As the three-sport athletic competition, Triathlon continues to gain popularity in the country, Filipinas are also proving that they are a force to reckon with, especially with the growing number of bold and fierce female athletes, who are achieving greater heights and podium finishes. These real-life superwomen take on every bit of bravery and dedication, making them a true inspiration for all.
Among these inspiring triathletes are Dr. Ian Banzon, a practicing doctor and a running and cycling coach, and Sheila Gagui, a mom of two and a former flight attendant. These superwomen are part of the Sante Barley Tri-team, one of the best Tri-Teams in the Philippines, which has been competing both in local and international competitions.
But before taking part in these big races, such as the IRONMAN and Asian Triathlon Cup, Banzon and Gagui had to take on different challenges—a testament to their determination and willingness to conquer barriers as they propel in the world of the multifaceted sports.
From the starting line
Sports has always been part of Banzon’s life. Having been a swimmer ever since she was in grade school, she said that her friend, who happens to be part of her high school swimming team, opened the door of triathlon to her.
“My friend’s mom organized this triathlon for kids when I was in high school. She asked me if I want to join. I know how to swim and to ride a bicycle. And so, I took the challenge,” said Banzon. “That’s when I started as a triathlete but, that was very brief because I am really more of a swimmer.”
Her first stint with triathlon was put to a halt when she decided to focus on other things, including her studies as she started in medical school. However, Banzon cannot seem to take triathlon out of her life as she got back to it in 2012.
“I just want to compete and be physically ready all the time,” said Banzon on what made her realize to continue competing in triathlons.
Meanwhile, Sheila Gagui explained that it was after the birth of her second son that she got her first start on triathlon.
“My friend asked me to join her in a swimming camp. I did not have a formal training but I went on with it. She also invited me to join a short race, which I enjoyed since I really love outdoor sports,” Gagui said. “Triathlon gives me a sense of achievement. I am able to set goals, check my progress, and see how I grow in the sport.”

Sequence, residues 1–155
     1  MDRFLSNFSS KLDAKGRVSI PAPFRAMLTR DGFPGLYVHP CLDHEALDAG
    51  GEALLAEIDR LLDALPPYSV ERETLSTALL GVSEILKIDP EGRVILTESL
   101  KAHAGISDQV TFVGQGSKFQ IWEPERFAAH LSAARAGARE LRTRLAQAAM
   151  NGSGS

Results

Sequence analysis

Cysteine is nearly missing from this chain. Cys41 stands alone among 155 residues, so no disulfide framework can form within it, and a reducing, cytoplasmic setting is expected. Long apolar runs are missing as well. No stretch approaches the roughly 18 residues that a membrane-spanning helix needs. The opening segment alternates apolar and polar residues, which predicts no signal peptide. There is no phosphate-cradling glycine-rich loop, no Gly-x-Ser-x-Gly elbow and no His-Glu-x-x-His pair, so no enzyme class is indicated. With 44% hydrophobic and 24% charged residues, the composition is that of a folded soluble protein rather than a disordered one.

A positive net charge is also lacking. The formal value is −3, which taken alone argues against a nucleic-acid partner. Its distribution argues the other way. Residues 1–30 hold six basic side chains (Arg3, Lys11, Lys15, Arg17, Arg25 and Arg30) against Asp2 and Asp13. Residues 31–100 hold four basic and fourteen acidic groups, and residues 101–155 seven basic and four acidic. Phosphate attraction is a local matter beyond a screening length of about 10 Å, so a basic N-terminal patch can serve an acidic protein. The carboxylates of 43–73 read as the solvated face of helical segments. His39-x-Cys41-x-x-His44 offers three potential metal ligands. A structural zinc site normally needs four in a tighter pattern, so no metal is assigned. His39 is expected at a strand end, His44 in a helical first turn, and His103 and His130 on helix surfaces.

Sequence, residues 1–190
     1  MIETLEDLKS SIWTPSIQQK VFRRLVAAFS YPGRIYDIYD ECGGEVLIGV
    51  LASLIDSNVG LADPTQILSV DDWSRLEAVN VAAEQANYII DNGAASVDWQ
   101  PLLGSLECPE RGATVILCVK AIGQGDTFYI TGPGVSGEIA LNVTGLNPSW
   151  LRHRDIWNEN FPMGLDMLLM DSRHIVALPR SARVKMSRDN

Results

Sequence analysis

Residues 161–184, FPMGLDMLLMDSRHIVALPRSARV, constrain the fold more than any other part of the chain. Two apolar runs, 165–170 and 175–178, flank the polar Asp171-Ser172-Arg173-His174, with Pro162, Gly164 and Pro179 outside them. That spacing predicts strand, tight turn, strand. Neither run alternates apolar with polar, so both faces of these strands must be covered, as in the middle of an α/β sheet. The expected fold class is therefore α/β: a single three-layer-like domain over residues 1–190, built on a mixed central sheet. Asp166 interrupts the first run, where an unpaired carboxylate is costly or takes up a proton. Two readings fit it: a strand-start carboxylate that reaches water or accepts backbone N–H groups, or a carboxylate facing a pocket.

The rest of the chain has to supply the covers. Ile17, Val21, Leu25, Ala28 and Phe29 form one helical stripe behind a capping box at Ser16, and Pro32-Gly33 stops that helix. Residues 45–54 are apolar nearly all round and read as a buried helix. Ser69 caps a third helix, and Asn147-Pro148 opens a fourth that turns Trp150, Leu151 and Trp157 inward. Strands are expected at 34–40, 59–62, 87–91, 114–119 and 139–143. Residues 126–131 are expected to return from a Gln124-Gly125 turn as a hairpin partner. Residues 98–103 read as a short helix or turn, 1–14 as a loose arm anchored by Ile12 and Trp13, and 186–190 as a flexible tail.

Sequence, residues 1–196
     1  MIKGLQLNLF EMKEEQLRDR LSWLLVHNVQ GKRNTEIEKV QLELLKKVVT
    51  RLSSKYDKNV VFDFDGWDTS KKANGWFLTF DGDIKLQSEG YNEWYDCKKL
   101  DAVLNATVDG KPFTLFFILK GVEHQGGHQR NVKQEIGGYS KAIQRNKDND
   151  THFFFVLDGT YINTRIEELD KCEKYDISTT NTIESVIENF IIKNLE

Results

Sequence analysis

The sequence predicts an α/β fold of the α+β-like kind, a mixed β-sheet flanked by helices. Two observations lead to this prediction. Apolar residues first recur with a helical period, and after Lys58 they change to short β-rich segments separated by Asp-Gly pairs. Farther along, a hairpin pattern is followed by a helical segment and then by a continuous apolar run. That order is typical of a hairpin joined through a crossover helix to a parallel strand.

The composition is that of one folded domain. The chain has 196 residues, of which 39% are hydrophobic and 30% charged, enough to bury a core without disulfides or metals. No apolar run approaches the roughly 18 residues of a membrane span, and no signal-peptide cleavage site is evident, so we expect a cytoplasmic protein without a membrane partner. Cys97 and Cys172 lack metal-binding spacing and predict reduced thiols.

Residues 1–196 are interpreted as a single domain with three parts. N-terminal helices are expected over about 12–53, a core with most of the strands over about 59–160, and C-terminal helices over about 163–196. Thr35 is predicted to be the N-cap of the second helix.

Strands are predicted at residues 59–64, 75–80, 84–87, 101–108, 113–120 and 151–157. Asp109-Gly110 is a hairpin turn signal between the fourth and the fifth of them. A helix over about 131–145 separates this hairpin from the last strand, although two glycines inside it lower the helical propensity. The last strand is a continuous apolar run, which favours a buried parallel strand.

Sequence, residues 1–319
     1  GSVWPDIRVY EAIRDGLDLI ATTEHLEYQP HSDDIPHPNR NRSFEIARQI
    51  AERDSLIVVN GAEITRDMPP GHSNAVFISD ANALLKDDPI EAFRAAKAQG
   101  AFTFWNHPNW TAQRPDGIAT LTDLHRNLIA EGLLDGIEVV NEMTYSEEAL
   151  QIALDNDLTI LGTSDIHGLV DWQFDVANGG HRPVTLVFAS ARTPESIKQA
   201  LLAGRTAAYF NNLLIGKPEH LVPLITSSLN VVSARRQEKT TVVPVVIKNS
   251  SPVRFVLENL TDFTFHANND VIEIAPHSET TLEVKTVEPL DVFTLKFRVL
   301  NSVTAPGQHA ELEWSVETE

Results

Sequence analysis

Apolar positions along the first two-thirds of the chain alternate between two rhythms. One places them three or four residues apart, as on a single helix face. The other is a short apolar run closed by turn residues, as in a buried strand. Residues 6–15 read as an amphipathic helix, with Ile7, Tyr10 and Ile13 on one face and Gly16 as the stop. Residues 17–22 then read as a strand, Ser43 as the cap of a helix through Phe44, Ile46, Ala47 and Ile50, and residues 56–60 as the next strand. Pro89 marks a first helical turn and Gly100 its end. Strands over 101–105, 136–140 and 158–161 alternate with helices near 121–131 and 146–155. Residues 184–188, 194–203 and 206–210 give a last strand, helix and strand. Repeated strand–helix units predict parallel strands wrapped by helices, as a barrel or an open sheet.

Gagui said that it was not something she dreamed of. “I did it for myself. I just want to be physically fit and to lose weight. Eventually, my body just started looking for it and I enjoy the training every day.”
Preparing for the race
One can only imagine the difficulties these amazing triathletes have to deal with as they try to balance their life and career while training. According to Banzon, there is so much training that goes into the process to maintain physical and mental strength.
“We have a training plan and a coach, who usually gives us a program. Every day, there’s also a certain number of hours that you have to put in. The fact that you’re training for three different sports makes the whole process really challenging,” added Banzon. “For now, I just run and teach cycling on my rest days. It is different but it is still cardio. I also like going to the gym but if you’re looking at the numbers, most triathletes would train six to seven days a week, either day or night.”
Gagui couldn’t agree more. When she started her first stint back in October 2015, she said that she would regularly do exercises to maintain her pace. Last year, she joined an IRONMAN event, where she placed fourth for her age group.
“I do back to back bike and stretching for gymnastics. You need to be in shape for the endurance and go to the gym for cardio on days that you are not training,” Gagui shares on how she prepares for a race.
Beyond the finish line
As more women get involved in triathlon, Banzon and Gagui hope to be a source of inspiration and self-empowerment for all ages.
“Don’t wait for anything else. Some people say ‘I still have to lose weight before I do sport,’ but you know what, just start and work from there. Everything else will follow,” said Banzon.
For Gagui, on the other hand, she wants to encourage even mothers like her to find their true happiness in sports.
“For me, I started with boxing after giving birth, but then I said, I really don’t want to ‘spar.’ I want to do something with a goal,” said Gagui. “That is when I learned about triathlon. Every time you do a race, you get to see your time. I like to see my progress. How I grow in the sport. And if I can do it, I’m sure that others can also do the same.”
Banzon and Gagui’s involvement in triathlon extends beyond strength. It also sets the narrative for women in sports and their drive towards greatness.
These superwomen, together with the members of the Santé Barley Tri-team, are set to join the lineup of triathlon events this year. As the pride of Sante International, the team is now composed of 44 triathletes of all abilities and ages, including its 10 female athletes.
EJ Dy Buncio
Don Clavo de Comer